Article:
It is true, your oldest ugliest and most abused brushes make the best textures in a painting.  But those wonderful old brushes are on their last legs and then suddenly just done. So sometimes you just have to help a few less than desirable brushes along to that wonderful state. So by twisting, cutting, pruning and plucking...I will try to recreate that wonderful old random texture that will help me to form rocks, bark, and soil textures on my painting. This photo shows two brushes that I have helped along to a ragged state with my favourite sponge.

Today as an experiment I took a new foam roller and had a fun time plucking out some the foam to see if I could replicate a sandy beach did not really work, some of my ideas just don't pan out. The wild patterns of a natural sponge are much better.

 So still working with my old or newly damaged brushes, sometimes a crumpled rag to lift off some of the newly laid paint and most often my finger tips to smudge and blur the paint. (Just learning to protect fingers from too much paint with either a full glove or just a finger cut off a glove.) For me the answer to creating good natural texture is first to study it for form, color and pattern....and then find the tool that will best recreate it....most often for me it is the combination of one of my tortured brushes and natural sponge.

Wednesday, June 11, 2014

Raccoon Painting

The animals that manage to live right next door to us, right on the edge of our yards and the edges of our towns are the some of the most clever and most adaptable animals. These are the coyotes, rabbits, marmots, raccoons, mice and squirrels: not generally admired, they really do deserve recognition for cohabiting with us.

These animals have found their ways to live with us in spite of the dangers that we as humans present. I have to say I admire their adaptability and this painting celebrates a particular favourite of mine.

Here is an acrylic painting on board of a young raccoon delicately washing up in the creek.

 This is a painting that explores visual textures... Rocks, fur and water.......hard, soft and liquid.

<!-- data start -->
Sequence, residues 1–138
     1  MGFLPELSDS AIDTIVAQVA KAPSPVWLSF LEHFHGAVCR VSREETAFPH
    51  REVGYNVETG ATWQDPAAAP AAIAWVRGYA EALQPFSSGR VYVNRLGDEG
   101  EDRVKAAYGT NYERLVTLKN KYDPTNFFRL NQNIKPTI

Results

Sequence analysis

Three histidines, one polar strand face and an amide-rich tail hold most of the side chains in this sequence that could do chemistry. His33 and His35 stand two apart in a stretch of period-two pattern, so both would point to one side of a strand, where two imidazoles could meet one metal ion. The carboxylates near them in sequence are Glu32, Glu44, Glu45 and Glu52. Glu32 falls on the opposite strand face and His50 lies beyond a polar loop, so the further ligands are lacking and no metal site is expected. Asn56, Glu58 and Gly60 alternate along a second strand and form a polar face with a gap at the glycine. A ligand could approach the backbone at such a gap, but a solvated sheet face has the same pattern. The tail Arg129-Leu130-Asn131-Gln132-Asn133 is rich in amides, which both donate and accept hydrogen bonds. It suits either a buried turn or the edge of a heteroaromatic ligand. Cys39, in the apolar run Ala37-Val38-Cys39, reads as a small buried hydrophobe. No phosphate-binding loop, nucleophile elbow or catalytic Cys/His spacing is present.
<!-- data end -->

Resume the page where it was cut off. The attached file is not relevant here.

I took this as my demo painting to Opus Art Store and shared part of my process in creating textures with the artists that attended. 

Thursday, May 22, 2014

My Love Hate Relationship with Gesso

Yes I love gesso. It is an awesome base that acrylic paint loves to stick to. I like to tint my gesso and put in on with a foam roller.  At first it rolls out really juicy with great coverage and then I go over it very lightly to flatten off any texture. In that way I get a lovely smooth finish and a even color base for  my painting.  Looks awesome, gives the painting a cohesion of color and holds paint really well.

Yes I hate gesso. It has such a stickiness to it that it is seemingly impossible for me to gesso without it spreading out over every surface. It has a fiendish desire to attach to everything it can.  A blop here, a splat there, a smear and dab just there....and of course because it is valued for its stick-to-it ability....what it gets on it stays on and only comes off with focused scrubbing.  I am not a messy person...REALLY!

So there is my annual gesso rant, as you can tell, today was gesso day. Prepped a bunch of canvases in light blue tinted gesso......all good all clean .... just have to get the remaining gesso off work desk,  my hands, right toe and some on upper right mouse and studio door knob......might leave the door knob as it looks kind of cool.

Wednesday, May 14, 2014

Testing New Canvas - "Watching" - Cougar Painting

Testing canvas was the reason for this painting (any excuse to paint a cat , big or small.) I have a big project coming up and wanted to check out a different canvas than I have used before...15 ounce from a different supplier.  Here is a study of a cougar that I did for the test canvas.

This heavier than usual canvas had a fair bit more texture to it....good for where I want texture but requiring at least a couple of extra brush strokes where a clean edge is needed.  Now you definitely could sand down the texture level on it if needed while doing the gessoing.  But for this test I wanted to see what it would give me without altering it.

 I am pleased with it and will order up some more.

Friday, May 2, 2014

GOABC Artist of the Year 2014

 I have participated in two Artist of the Year competitions already this year.
The first one was due to a friend who purchased my painting "Seek Solitude"  to support his Guide Outfitters Association of BC and made sure that it was also entered into their  GOABC Artist of the Year Competition at their annual convention.